Sure, you might encounter a specific boss that’s vulnerable to a specific prosthetic tool, but you can say the same thing about Elden Ring’s tools and consumables, another thing only a few people actively use. Instead of being a trustee backup to spice up your combat experience, the Prosthetic Arm’s been diluted into a fancy gimmick piece that YouTubers and veteran Sekiro players use to showcase some extravagant combos.

If you want to witness the biggest culprits of this crime, look no further than the Sabimaru and the Divine Abduction. These Prosthetic Tools are clunkier than Dark Souls 2’s hitboxes, and their effects are so meager that you’d be better off throwing ceramic shards at your opponents. 

Back in the trailers, we saw how Wolf consistently used his Prosthetic Tools, like the Loaded Umbrella and Flame Vent, against enemies. In the game, though, these are extremely underpowered and barely make a difference. As someone who’s gone through boss-rush modes in Sekiro without resting, I usually forgot I had that arm and used it just to burn off some Spirit Emblems because they kept piling up.

YouTube video

That’s not to say that the Prosthetic Arm is completely useless. As I said, players mainly use the arm for grappling, and grappling is a huge and fun part of Sekiro. However, that mechanic itself is crucial, without which you can’t beat the game, and I would’ve much preferred if I was fostered to use the arm’s non-crucial elements.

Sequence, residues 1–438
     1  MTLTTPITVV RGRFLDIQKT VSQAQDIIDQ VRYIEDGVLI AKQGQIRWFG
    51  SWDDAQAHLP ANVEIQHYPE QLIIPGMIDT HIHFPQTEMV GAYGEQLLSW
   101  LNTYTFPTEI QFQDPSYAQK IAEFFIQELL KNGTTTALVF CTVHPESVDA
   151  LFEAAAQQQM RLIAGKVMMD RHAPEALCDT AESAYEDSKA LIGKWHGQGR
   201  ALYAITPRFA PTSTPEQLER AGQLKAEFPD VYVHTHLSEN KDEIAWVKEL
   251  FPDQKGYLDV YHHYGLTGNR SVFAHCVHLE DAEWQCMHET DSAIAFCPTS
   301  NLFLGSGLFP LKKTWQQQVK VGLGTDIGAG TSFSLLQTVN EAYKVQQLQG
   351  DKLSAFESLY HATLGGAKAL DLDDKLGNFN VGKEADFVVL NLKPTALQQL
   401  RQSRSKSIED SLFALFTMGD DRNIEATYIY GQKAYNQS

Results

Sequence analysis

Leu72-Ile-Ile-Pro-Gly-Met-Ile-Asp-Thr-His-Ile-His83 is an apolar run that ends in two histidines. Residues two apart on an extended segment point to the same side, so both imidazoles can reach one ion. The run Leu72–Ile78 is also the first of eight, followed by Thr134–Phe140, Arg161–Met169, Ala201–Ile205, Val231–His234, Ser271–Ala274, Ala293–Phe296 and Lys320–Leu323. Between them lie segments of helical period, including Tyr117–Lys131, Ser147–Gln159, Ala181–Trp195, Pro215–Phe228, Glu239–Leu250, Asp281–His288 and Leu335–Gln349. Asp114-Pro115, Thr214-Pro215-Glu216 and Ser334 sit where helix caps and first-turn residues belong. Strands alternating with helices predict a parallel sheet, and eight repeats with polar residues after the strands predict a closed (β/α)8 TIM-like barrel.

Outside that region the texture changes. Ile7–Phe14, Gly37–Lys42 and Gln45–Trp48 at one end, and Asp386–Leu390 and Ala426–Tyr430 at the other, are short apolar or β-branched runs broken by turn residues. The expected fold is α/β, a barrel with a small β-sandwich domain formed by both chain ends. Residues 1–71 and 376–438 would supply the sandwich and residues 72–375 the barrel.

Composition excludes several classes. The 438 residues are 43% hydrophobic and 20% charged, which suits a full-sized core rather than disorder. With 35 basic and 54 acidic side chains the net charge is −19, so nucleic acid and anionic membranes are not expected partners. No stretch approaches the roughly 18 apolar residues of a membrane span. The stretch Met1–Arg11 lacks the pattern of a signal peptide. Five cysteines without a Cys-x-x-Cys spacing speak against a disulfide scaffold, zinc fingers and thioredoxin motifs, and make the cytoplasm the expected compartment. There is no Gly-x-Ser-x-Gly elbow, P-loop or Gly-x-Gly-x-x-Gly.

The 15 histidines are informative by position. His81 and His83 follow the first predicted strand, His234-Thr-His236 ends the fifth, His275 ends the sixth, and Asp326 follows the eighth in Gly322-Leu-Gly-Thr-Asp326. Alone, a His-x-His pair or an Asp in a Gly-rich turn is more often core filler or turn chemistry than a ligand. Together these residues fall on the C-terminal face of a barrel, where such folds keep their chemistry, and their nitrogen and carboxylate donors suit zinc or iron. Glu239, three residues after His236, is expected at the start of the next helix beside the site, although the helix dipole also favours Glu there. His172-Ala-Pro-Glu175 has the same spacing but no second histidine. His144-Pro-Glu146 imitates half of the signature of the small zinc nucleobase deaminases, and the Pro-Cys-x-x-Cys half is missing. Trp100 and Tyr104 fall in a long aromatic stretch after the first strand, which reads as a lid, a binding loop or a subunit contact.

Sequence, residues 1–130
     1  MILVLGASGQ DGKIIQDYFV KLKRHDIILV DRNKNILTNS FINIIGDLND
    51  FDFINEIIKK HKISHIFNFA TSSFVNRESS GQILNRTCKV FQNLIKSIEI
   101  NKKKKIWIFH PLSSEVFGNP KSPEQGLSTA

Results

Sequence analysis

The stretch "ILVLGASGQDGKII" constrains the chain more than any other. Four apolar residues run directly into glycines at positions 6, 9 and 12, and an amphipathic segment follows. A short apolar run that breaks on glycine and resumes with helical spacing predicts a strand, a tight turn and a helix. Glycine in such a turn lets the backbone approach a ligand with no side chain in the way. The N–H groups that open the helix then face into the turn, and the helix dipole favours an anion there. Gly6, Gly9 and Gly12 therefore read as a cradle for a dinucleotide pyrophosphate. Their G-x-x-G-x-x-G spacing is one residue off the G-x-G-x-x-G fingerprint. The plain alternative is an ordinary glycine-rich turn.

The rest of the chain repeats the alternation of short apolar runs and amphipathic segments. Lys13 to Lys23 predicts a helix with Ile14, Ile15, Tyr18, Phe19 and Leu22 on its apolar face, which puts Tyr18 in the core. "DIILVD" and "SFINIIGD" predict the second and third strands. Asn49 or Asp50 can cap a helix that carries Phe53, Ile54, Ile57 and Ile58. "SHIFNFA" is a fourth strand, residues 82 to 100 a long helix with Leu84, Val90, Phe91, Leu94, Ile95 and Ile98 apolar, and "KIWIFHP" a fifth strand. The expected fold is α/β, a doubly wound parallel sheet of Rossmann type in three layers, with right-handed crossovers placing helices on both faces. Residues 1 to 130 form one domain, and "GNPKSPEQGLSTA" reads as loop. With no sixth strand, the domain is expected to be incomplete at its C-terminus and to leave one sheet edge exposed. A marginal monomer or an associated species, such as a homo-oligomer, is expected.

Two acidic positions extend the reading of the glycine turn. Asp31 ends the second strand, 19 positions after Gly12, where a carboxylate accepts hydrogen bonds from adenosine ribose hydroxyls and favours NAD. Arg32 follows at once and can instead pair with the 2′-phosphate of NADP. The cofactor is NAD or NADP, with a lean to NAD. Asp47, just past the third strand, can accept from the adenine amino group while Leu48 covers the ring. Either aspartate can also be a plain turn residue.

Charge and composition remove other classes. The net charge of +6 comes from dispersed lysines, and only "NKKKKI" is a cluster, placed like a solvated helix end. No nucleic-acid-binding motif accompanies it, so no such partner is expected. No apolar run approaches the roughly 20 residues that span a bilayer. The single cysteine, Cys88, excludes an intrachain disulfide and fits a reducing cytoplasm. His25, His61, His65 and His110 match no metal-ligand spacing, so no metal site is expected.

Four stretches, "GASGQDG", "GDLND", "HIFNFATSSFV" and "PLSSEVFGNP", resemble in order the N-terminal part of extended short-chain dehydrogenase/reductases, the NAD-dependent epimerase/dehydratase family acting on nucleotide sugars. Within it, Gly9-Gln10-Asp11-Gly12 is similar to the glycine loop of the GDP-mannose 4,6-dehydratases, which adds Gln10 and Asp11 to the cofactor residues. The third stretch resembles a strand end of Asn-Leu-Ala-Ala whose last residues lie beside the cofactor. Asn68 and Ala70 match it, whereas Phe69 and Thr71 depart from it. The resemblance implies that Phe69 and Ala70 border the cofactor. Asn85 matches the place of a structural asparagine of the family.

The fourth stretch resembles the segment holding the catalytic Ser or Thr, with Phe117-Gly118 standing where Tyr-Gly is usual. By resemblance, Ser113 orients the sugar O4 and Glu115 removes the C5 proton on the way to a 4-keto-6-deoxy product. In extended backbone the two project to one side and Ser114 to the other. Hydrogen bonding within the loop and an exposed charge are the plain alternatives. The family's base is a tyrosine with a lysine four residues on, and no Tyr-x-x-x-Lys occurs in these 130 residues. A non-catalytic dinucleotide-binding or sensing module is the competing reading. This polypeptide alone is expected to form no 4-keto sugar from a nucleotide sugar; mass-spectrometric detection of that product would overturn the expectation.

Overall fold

I don’t use Shinobi Prosthetic. Is this making the game harder for me?
byu/United-Proposal709 inSekiro


I do understand that both Lies of P and Sekiro use their prosthetic arms to encourage combative freedom and creativity, but the former does it so beautifully that the latter feels… half-baked. Attaching a must-have mechanic like the grappling hook doesn’t justify the Prosthetic Arm’s purpose alone, and if it does, then I don’t think it should be advertised as a viable combat piece, because it isn’t.

Don’t get me wrong, Sekiro’s Prosthetic Tools aren’t completely useless. They become valuable assets in some fights, and honestly, their spectacle nature is undeniable. However, when your game’s theme is centered around pure battles, seeing such a mechanic getting malnourished treatment is a crying shame.

What’s worse is that I still think that Sekiro is fundamentally better. The sound of clashing swords, stance movement, parrying, bosses, and the turn-taking dances are incredible. And if FromSoftware gave the Prosthetic Tools the same love Neowiz gave to the Legion Arm, you and I could’ve had the perfect and undisputed king of combat in video games.

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Daniyal is a Guides Writer and Editor at eXputer with over one year of experience in content writing. He's had a passion for tech and gaming for more than 15 years. Ever since his first console, the PS2, he's constantly branching off to different genres, and his go-to at the moment is the Souls experience pioneered by FromSoftware, which is evident by his 1,500+ hours of game time on Elden Ring. You can learn some more about Daniyal's gaming journey on his Steam & Xbox profiles.

Experience: 1+ Years || Mainly Covers Guides || Education: Bachelors in Computer Sciences.